"Rebecca At The Well, Guillaume Courtois"Roman school of the seventeenth century
Attributable to Guillaume Courtois called "il Borgognone" (Saint Hippolyte 1626 - Rome 1679)
Rebecca at the well
Oil on canvas, cm. 57.5 x 72
Framed cm. 73 x 88
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The episode narrated in the present painting, Rebecca and Elizier at the well, is taken from the book of Genesis. Eliezer is the oldest servant of Abraham who, at the behest of his master, goes to Mesopotamia in search of his wife for his son Isaac and he identifies her in Rebecca who, at his request for water, immediately hands him the jug to quench his thirst (Genesis 24 ).
The patriarch Abraham, very old and advanced over the years, decided to give his son Isaac a wife to ensure descent to his lineage, and so he commissioned his faithful servant Eliezer, to go to Mesopotamia, to look for a suitable bride.
Arriving at his destination he went to a well, a favorite place usually in the Eastern world, to converse, negotiate and meet; for its symbolism of fertility and life, the well was considered the ideal place to combine a wedding. When she arrived in the evening, the women were gathered there to draw water; here a young girl named Rebecca, as well as Abraham's great-grandson, seeing him tried by the journey offered his jug to quench his thirst. Abraham's servant interpreted the generous gesture as a divine signal, choosing it as the suitable bride for Isaac.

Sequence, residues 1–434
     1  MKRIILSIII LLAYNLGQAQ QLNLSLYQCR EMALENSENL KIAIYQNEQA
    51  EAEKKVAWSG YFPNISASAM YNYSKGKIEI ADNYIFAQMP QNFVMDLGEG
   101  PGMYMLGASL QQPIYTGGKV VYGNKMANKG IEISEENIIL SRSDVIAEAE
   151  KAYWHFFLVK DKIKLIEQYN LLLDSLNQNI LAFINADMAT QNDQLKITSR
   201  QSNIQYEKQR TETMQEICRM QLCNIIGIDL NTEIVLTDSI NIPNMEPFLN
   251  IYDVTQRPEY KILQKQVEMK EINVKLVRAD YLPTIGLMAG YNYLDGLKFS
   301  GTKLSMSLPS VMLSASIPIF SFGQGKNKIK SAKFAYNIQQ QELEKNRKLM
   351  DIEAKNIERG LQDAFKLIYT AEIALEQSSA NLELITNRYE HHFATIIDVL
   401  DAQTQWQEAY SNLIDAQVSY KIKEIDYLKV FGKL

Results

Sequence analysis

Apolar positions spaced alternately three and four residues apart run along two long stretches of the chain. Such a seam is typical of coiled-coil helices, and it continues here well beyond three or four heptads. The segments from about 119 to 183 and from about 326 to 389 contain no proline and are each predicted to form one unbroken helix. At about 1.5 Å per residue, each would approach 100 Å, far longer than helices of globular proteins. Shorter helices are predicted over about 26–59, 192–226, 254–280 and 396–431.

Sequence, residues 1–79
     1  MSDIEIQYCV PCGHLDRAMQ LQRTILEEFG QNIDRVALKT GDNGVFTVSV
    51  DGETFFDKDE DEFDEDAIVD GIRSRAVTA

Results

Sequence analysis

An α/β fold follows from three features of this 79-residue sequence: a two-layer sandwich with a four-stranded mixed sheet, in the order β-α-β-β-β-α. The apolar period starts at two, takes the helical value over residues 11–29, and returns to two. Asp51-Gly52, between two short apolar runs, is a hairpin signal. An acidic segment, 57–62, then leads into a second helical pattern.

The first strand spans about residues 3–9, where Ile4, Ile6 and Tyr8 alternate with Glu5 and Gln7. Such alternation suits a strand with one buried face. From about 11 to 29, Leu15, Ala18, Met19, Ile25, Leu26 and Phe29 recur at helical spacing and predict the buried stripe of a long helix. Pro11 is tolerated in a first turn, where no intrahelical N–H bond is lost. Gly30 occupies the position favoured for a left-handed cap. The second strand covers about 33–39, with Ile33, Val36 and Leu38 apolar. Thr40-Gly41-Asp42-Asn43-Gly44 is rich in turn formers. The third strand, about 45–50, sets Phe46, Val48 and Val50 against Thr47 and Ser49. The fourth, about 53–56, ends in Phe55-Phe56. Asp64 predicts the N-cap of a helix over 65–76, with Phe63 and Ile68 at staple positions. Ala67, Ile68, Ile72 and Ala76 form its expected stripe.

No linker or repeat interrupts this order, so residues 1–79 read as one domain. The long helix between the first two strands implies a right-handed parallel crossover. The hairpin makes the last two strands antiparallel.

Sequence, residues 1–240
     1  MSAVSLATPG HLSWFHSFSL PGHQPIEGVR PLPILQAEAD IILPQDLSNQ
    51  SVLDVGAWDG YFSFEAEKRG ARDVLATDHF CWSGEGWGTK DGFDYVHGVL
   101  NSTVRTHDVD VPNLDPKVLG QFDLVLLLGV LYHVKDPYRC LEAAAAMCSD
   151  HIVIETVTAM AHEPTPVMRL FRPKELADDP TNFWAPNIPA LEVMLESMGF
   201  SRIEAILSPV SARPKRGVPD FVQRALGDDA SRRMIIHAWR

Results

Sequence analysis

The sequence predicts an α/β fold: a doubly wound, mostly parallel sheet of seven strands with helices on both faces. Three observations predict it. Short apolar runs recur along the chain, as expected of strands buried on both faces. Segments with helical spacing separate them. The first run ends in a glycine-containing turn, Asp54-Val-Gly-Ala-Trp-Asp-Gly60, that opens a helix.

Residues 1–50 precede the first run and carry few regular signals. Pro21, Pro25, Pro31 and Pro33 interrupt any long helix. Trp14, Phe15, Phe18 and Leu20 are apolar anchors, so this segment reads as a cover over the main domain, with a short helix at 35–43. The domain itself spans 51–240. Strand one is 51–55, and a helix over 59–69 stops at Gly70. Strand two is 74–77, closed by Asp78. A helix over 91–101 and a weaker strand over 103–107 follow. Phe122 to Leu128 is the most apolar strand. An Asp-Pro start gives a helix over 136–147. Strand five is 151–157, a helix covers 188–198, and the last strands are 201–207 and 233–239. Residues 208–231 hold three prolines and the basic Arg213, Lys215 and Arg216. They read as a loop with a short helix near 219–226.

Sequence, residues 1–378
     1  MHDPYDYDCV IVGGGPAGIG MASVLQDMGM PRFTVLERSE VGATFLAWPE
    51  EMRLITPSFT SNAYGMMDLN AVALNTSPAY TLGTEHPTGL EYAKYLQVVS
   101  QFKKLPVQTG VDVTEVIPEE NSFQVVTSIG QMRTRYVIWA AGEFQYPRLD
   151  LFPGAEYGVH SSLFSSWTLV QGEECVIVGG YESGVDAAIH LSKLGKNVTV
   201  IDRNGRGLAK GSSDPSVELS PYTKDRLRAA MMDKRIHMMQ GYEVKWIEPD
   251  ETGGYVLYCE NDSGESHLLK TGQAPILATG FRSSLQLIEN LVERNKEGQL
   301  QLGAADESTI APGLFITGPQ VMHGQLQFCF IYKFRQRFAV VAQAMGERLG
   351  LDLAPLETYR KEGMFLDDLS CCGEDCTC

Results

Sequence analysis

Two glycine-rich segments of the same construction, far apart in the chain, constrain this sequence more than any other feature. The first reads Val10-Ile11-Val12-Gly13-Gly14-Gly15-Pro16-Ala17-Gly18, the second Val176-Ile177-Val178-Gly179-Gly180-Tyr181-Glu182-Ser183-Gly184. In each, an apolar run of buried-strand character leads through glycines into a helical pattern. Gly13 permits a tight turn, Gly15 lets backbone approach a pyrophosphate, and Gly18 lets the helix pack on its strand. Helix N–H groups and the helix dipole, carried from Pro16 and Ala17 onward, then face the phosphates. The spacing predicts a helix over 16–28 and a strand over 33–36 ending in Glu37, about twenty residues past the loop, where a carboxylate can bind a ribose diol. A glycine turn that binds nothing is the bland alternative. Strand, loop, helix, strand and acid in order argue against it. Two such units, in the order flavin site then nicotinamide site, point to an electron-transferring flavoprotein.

The analysis of the stylistic and figurative characters allows us to trace the work back to the Roman environment of the mid-seventeenth century, with clear reminiscences of the Cortonese context, and precisely to the figure of Guillaume Courtois called "il Borgognone" (Saint Hippolyte 1626 - Rome 1679).
In his painting, and evident in the proposed work, a classicist figurative culture emerges with influences from typically Baroque legacies, from which his training in the workshop of Pietro da Cortona is evident. The result is yes the representation of a religious scene but located in a magnificent context of Arcadian taste, with the balance between naturalistic propensity and classicism.
The painting, in an excellent state of conservation and is complete with a pleasant frame in carved wood.
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